Named after its founder Roland G. Murphy, RGM watches are often modelled on vintage American timepieces, and so it is with the 801 Corps of Engineers. Railroad pocket watches used by the US Army Corps of Engineers during the first World War are the inspiration for the 801 Corps of Engineers, giving it an aesthetic that is attractively functional, and instantly recognisable as the standard look for early 20th century military timepieces. Like the timepieces that inspired it, the 801 Corps of Engineers is fitted with a fired enamel dial, with blued steel cathedral hands. Instead of radium, the dial and hands have ivory Super-Luminova that approximates the look of aged lume.
The case is brushed steel, with a 42 mm diameter and slightly domed sapphire crystal in front. A sapphire back allows a look at the RGM calibre 801, a hand-wound movement designed to resemble the American-made Edward Howard pocket watch calibre from the 1910s.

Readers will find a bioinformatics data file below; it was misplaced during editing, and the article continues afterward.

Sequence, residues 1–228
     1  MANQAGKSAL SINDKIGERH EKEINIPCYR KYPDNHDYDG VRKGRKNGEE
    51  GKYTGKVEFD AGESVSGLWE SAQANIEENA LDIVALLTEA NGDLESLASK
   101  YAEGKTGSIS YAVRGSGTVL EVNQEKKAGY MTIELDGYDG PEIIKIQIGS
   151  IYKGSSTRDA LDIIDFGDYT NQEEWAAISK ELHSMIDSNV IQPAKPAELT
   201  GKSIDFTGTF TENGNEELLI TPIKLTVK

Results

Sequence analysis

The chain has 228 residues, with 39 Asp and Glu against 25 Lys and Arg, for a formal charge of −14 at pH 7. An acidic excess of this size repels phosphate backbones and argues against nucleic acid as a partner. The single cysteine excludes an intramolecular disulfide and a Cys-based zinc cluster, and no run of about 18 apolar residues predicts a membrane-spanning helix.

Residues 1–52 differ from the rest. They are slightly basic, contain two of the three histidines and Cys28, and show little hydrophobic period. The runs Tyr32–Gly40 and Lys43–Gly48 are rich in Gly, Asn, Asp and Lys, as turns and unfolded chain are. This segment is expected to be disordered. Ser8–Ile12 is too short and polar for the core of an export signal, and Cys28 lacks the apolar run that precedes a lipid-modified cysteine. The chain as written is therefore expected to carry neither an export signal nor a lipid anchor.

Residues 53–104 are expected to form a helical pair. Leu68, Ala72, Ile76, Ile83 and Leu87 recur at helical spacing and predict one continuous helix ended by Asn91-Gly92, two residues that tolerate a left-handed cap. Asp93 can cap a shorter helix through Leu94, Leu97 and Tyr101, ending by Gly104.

RGM is resolute that the calibre 801 is made in-house, and American made. But the architecture of the calibre 801 is strikingly similar to the Unitas 6498.
The patents on the Unitas have long expired, so anyone can use the construction and produce it themselves. As watchmakers like Lang & Heyne, Keaton Myrick and Pascal Coyon have proven, the Unitas is a robust and versatile design that is easy to manufacture and modify with vastly different bridge shapes. The 801 Corps of Engineers costs US$9700 on a calfskin strap and US$10,450 with a steel bracelet.
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